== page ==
A Call for Action in OST as Gay Teens Face Violence, Many Other Risks

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Advocates for Youth is among organizations working to help LGBTQ young people thrive. A CDC report earlier in August showed high levels of violence against sexual minority youth.

Advocates for Youth

Advocates for Youth is among organizations working to help LGBTQ young people thrive. A CDC report earlier in August showed high levels of violence against sexual minority youth.

About 8 percent of high school students are lesbian, gay or bisexual, according to the first nationwide survey asking teens about their sexuality.

The survey results released by the Centers for Disease Control and Prevention earlier this month found that these teenagers face a shockingly high level of violence compared with their straight peers.

The report is a call to action for adults who care about youth, said Debra Hauser, president of Advocates for Youth, a nonprofit focusing on the health of young people.

A great deal of progress has been made in LGBT rights, “and yet we see such incredibly alarming disparities,” she said.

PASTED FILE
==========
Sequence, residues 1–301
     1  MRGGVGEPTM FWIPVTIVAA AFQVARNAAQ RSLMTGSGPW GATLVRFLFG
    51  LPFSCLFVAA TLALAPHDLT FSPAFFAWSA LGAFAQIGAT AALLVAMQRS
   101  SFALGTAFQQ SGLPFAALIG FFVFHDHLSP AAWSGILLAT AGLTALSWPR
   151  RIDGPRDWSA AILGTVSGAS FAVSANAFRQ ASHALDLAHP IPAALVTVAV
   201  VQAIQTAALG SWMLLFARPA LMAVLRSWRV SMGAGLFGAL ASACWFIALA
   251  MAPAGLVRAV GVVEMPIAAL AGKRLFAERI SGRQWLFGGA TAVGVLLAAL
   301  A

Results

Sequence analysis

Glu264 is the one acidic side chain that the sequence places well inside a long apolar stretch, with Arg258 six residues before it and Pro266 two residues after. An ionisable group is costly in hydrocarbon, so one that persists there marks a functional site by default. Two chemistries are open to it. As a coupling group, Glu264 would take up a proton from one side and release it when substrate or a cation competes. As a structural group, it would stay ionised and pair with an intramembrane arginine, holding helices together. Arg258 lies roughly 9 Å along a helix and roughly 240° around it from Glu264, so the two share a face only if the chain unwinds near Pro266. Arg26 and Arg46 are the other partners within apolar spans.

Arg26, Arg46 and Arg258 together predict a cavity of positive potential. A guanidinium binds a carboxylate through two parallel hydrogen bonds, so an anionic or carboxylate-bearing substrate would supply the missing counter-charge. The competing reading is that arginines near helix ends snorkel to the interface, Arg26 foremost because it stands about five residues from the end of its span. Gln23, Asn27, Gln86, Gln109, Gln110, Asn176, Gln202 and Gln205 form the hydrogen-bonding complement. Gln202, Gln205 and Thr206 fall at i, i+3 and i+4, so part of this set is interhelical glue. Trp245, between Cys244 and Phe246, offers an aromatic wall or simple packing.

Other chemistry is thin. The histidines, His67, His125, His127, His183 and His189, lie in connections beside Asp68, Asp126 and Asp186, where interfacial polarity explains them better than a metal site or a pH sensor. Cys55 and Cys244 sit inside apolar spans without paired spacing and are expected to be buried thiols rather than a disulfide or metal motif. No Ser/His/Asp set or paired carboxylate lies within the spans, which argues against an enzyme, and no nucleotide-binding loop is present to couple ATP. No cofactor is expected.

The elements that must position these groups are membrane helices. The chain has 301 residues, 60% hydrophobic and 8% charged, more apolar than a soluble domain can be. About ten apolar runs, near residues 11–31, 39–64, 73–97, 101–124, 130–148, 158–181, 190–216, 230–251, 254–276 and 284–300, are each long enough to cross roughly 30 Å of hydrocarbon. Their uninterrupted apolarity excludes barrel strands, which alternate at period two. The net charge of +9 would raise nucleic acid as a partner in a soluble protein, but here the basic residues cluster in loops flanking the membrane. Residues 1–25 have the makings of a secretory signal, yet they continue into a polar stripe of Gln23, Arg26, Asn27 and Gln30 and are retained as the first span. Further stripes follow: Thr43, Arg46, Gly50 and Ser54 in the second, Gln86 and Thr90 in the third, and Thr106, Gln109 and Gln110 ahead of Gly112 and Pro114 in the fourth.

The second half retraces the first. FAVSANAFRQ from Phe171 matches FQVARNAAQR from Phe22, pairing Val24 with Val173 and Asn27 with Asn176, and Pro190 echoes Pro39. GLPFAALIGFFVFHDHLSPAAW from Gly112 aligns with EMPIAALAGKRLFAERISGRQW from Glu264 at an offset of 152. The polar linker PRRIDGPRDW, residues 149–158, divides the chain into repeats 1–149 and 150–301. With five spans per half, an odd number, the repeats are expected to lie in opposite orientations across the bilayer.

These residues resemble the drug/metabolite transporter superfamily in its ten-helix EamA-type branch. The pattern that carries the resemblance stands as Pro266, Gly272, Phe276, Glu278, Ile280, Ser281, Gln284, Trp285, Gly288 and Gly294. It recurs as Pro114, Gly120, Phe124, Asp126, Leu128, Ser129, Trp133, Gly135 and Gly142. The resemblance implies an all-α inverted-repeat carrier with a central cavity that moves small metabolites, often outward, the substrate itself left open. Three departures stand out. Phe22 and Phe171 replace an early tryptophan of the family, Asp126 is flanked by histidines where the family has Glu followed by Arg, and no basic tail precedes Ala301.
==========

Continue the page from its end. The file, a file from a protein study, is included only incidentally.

According to the survey, LGB teens were three times as likely as straight students to have been raped. They were twice as likely to have been threatened or injured at school. And nearly 30 percent had made a suicide attempt in the year before the survey.

Many LGBT youth feel hopeless and sad, Hauser said. It is devastating to see the level of bullying and violence against them, she said.

One in 10 LGB students said they had missed school in the previous month because of safety concerns. Twenty-three percent had experienced dating violence, compared with 9 percent of straight youth. Sixty percent said they were so sad or hopeless they had stopped doing their usual activities.

The survey, known as the Youth Risk Behavior Survey, measures more than 100 behaviors that affect health and well-being. The latest survey, given in 2015, asked questions of more than 15,000 young people in ninth through 12th grade, and for the first time asked how they identified themselves sexually and also the sex of those with whom they had sexual contact. The survey did not ask whether students defined themselves as transgender. The CDC’s analysis also included data from 25 state surveys and 19 large urban school district surveys to produce the report “Sexual Identity, Sex of Sexual Contacts, and Health-Related Behaviors Among Students in Grades 9-12 — United States and Selected Sites, 2015.”